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EEOC worries about 'snake oil' products in AI recruiting

The chair of the Equal Employment Opportunity Commission says users, not vendors, are responsible for AI recruiting bias. It has launched an effort to investigate AI use.

The U.S. Equal Employment Opportunity Commission warned employers that they have a responsibility to challenge the "fairness" of AI recruiting systems used to hire and manage employees. 

For its part, the EEOC said last week that it is creating an initiative to examine whether workplace use of AI complies with civil rights laws. The goal is to identify "promising practices" in recruiting AI use and "technical assistance to provide guidance on algorithmic fairness and the use of AI in employment decisions."

Some AI systems are sold "with the promise that if you remove the human decision-making, you will remove the bias," said Charlotte Burrows, EEOC chair, but that "is not necessarily the case." 

Burrows advised employers "to challenge and audit and ask questions so that they can validate the technology that they want to purchase." She was speaking at a recent Genius Machines conference sponsored by Nextgov and Defense One, both government technology publications.

There are "a lot of what is essentially snake oil salespeople in this area," Burrows said, but "I think there are a lot of good products out there, too, and I want to be clear about that." 

Can't take vendor's word

Under federal law, "employers can't take a vendor's word that its [AI recruiting system is] safe and that it complies with the law," Burrows said. They have to exercise a "kick-the-tires attitude" when buying these systems, she said.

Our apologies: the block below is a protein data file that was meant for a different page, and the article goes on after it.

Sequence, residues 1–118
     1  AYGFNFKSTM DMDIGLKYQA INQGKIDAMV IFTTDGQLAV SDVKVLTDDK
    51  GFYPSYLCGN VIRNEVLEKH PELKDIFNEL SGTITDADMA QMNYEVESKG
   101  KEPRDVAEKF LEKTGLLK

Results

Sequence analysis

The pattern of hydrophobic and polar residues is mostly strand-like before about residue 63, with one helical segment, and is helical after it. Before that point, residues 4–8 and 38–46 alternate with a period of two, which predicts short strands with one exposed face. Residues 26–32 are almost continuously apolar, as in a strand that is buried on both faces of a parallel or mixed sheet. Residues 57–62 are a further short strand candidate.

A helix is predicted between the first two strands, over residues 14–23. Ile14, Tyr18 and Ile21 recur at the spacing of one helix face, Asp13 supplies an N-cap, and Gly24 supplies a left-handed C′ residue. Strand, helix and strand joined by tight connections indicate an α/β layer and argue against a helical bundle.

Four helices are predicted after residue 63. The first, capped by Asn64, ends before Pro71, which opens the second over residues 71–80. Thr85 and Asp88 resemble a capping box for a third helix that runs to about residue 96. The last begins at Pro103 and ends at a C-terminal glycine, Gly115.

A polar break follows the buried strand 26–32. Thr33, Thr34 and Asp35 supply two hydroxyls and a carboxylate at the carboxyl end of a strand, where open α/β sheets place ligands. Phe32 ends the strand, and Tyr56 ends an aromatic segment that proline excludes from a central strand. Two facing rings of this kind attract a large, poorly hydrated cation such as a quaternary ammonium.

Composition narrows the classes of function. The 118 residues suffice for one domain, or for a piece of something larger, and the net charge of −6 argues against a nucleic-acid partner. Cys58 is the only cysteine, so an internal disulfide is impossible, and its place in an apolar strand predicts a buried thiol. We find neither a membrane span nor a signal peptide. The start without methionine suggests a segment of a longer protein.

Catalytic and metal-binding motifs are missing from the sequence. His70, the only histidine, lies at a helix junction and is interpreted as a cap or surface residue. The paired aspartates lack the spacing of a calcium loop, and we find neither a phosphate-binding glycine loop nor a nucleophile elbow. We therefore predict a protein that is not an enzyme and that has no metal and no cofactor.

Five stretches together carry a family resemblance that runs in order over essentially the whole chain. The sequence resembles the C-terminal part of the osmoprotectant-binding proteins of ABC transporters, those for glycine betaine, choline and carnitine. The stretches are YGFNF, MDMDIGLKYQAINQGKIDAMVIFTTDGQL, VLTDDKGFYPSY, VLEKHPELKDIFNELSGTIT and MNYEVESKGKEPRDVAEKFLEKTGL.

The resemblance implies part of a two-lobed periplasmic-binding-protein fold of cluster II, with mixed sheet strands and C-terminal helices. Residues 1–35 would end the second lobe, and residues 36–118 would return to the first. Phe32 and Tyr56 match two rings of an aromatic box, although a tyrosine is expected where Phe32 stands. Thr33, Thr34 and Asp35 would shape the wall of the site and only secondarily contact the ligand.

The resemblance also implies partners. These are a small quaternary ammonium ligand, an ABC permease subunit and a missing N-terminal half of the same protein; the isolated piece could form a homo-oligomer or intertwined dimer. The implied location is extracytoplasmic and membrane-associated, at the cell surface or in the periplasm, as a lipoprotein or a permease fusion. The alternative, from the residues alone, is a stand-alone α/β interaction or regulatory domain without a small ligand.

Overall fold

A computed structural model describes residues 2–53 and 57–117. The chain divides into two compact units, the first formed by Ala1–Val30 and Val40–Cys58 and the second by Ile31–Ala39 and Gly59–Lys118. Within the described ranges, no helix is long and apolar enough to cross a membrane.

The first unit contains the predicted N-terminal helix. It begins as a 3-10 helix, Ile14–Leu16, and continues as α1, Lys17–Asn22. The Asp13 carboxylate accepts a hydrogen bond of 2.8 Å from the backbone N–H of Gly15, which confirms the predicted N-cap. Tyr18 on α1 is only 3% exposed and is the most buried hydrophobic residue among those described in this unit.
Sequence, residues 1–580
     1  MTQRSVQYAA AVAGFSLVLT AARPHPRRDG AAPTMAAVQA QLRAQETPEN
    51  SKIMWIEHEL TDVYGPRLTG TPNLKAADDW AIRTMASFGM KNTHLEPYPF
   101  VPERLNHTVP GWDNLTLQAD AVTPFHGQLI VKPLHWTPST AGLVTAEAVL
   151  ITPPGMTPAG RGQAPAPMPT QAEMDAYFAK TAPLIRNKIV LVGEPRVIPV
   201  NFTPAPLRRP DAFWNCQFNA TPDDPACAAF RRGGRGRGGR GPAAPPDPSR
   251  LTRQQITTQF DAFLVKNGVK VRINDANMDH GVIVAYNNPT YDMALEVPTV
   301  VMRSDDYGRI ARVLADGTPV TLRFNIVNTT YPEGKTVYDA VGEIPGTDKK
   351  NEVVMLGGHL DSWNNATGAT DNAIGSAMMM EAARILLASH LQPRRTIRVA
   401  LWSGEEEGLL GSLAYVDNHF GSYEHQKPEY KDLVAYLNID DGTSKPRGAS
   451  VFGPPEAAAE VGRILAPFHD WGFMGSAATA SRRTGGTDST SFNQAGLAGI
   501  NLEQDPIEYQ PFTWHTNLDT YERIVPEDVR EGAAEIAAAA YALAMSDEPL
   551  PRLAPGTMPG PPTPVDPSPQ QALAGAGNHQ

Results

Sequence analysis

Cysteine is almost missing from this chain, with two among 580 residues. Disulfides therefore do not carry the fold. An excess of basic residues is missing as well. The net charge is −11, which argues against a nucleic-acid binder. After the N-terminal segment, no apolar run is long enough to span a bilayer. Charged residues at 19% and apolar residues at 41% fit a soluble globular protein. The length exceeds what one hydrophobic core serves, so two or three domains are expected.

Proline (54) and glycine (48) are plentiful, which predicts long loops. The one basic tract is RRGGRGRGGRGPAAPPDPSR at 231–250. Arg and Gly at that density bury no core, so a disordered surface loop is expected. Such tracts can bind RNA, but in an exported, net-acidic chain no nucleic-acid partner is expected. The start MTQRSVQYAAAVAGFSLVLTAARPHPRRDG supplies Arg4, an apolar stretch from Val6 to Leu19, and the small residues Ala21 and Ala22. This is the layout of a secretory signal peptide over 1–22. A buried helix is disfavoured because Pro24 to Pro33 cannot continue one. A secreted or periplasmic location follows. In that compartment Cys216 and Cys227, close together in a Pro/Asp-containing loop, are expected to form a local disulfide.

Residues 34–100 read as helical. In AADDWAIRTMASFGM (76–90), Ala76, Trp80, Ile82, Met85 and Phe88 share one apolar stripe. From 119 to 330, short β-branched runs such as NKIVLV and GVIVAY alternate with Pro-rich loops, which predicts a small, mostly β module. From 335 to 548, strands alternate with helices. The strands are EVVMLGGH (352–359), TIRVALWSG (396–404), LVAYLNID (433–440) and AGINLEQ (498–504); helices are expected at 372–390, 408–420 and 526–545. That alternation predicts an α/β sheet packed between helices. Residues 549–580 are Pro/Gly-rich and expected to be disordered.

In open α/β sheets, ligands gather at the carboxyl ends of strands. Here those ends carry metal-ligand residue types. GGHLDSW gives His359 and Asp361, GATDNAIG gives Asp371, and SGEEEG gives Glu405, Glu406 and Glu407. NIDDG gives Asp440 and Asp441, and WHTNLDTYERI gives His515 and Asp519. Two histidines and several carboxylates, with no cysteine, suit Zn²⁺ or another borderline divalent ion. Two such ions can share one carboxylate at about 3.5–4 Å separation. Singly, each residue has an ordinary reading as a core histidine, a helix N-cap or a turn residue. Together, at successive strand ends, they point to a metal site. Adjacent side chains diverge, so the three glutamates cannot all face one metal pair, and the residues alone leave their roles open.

[Employers have] to challenge and audit and ask questions so that they can validate the technology that they want to purchase.
Charlotte BurrowsChair, EEOC

Lawmakers have urged the EEOC to investigate AI use in the workplace. 

"While hiring technologies can sometimes reduce the role of individual hiring managers' biases, they can also reproduce and deepen systemic patterns of discrimination reflected in today's workforce data," 10 U.S. senators wrote to the EEOC late last year. "Today, far too little is known about the design, use, and effects of hiring technologies." The senators who wrote the letter were all Democrats. They included Sens. Elizabeth Warren, D-Mass., Cory Booker, D-NJ, and Ron Wyden, D-Ore.

The EEOC's initiative will include "listening" sessions to hear from researchers, vendors and users of these systems.

Ben Eubanks, chief research officer at Lighthouse Research & Advisory, said recruiting teams are strained because of staffing challenges, and that AI tools used to speed up and streamline the hiring process could help, he said. 

Eubanks believes the EEOC's initiative could provide a path to regulation that "makes it clear how employers can support their candidates and employees in a fair and equitable way."

Patrick Thibodeau covers HCM and ERP technologies for TechTarget. He's worked for more than two decades as an enterprise IT reporter.

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